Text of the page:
Who are you listening to right now?

I listen to a lot of radio. A lot of different stuff, really, like Massive Attack; I’m a big Massive Attack fan. I listen to a lot of flamenco, because I’ve studied flamenco for over 20 years now. I’m always trying to keep that in my head. It’s not 4/4 time; it’s a lot of different time signatures. It’s extremely complicated music. But I basically just plug into IHeartRadio. I like the super old classic country music. I listen to that around the house sometimes: Johnny Cash, Dolly Parton, Marty Robbins—all the old stuff. I really, really like that. My dad loved that stuff; my mom did, too. Johnny Cash was always on around our house. Of course, The Rat Pack. I still love them. I still love Sinatra. It was in my house all the time, the Italian-American stuff. I can’t say I ever really sought out music. I heard some Fall Out Boy the other day, and I’m like, “I can’t believe how good that band is”—they are fucking good. Their lead singer is amazing and they just kick ass. But I don’t listen to a lot of rock music; if I did, I could play it myself. I got Eminem’s record—oh my god! I get it here and there.

One last question…we love it when you play St. Louis; what are your favorite cities to play?

Well, thanks for having me! I can’t believe I’m still doing it. It’s hard to tour anymore. I deliberately told my agent I want to see what’s going on in America. The team that I’m with—they are a husband-and-wife team from Tulsa—an incredible show and the city had energy. So I said, “Get me out to see America.”I was in Seattle before Starbucks; know what I mean? I saw Portland and the artists moving in, starting to create these art communities, and kind of recreating the city, and I think it’s fucking fantastic! I mean, that’s kind of the way it goes. The artist moves in, ‘cause nobody else wants to live there, and starts creating these wonderful little pockets of stuff. The same thing happened in New Orleans after Katrina. The parents got together and started creating their own schools, and rebuilding their city for themselves. That’s kind of what I’m starting to see happen across the country. I have two friends who were laid off yesterday. Two friends from different sides of the country in unrelated fields. It’s really a hustle to keep your shit going. I went to school, and I’m a licensed tattoo artist, and I’m working on a couple of people. And this is kind of a cool little way to have something going on. | Marc Farr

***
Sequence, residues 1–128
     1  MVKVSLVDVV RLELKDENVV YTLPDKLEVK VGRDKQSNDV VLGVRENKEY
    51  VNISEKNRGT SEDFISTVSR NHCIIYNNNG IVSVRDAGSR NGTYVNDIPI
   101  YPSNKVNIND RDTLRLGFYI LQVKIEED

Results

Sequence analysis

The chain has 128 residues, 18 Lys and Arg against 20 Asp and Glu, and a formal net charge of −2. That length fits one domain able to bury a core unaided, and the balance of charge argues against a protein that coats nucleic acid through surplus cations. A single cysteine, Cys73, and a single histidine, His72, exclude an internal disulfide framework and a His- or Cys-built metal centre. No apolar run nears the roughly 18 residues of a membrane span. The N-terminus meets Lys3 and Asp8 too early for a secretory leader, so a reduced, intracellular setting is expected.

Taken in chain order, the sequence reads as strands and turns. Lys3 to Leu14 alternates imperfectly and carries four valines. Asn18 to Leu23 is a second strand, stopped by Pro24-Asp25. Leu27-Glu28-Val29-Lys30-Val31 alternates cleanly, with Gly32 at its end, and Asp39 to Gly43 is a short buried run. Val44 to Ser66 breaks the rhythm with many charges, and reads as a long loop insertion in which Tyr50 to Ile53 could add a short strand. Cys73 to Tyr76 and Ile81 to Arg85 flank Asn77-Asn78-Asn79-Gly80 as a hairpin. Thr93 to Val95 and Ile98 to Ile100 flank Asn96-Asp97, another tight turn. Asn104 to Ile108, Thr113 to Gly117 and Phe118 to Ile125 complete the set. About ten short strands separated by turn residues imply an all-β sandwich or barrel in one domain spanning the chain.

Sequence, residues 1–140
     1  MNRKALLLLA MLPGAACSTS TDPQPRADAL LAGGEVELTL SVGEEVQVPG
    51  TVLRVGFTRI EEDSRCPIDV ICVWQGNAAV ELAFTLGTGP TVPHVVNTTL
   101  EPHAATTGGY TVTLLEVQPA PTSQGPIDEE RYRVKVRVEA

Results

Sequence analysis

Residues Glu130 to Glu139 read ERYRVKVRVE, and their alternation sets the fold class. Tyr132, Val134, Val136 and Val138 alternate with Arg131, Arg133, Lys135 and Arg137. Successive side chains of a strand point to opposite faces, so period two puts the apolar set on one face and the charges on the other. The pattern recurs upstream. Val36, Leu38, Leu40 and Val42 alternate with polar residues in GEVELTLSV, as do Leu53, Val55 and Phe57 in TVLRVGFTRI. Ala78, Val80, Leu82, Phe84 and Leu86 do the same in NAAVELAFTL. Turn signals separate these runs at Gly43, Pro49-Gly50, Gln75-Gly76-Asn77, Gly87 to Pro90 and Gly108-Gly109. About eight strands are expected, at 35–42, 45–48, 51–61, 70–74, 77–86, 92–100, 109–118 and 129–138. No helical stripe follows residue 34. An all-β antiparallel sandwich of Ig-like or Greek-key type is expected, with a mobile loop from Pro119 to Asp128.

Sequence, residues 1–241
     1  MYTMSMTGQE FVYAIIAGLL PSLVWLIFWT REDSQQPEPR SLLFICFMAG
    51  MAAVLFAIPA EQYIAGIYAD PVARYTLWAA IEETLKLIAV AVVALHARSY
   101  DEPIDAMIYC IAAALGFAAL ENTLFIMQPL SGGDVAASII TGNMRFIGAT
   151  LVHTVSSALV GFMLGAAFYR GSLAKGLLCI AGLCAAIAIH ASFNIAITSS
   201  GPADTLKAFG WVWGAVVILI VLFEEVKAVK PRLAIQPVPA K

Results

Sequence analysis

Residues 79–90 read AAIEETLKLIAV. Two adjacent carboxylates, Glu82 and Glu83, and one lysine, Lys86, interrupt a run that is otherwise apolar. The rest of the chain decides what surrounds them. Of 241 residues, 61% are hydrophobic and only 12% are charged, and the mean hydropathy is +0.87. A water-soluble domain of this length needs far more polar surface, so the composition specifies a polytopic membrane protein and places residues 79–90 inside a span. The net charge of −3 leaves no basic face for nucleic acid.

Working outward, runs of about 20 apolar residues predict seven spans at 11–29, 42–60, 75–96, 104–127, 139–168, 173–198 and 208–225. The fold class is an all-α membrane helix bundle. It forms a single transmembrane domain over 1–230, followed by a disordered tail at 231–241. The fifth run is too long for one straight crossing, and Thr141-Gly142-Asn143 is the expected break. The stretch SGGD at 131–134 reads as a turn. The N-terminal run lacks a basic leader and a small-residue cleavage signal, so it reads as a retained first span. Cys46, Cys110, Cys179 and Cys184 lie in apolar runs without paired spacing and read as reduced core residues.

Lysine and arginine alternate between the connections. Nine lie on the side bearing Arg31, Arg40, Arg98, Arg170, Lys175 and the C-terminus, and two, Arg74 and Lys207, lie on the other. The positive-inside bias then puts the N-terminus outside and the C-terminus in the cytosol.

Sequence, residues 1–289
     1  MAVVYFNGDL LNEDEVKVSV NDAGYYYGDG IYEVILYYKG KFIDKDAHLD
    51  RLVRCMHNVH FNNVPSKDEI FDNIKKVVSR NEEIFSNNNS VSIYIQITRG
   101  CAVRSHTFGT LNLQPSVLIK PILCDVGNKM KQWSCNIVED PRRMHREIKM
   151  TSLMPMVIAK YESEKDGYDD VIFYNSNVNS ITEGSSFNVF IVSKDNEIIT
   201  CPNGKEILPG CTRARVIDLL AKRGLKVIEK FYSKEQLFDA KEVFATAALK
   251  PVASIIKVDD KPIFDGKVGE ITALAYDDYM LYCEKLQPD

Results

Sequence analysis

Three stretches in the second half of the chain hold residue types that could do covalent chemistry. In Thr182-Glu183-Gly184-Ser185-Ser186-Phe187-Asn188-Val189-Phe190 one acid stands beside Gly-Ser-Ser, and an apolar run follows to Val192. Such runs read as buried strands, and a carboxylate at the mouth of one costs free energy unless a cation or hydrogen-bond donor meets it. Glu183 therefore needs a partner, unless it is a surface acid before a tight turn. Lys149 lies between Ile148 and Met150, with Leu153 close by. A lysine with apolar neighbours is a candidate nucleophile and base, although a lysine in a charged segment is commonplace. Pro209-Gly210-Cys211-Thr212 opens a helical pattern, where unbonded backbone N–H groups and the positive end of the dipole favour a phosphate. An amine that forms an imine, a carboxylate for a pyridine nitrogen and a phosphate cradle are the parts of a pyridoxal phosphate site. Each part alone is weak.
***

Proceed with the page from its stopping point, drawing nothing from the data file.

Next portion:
About Marc Farr 244 Articles
Marc Farr is the Live Music & Assignments Editor of PLAYBACK:stl. He's so invaluable to us, we've nicknamed him Mr. Music. Reach out if you have coverage ideas! "I know it's only rock and roll...but I like it!"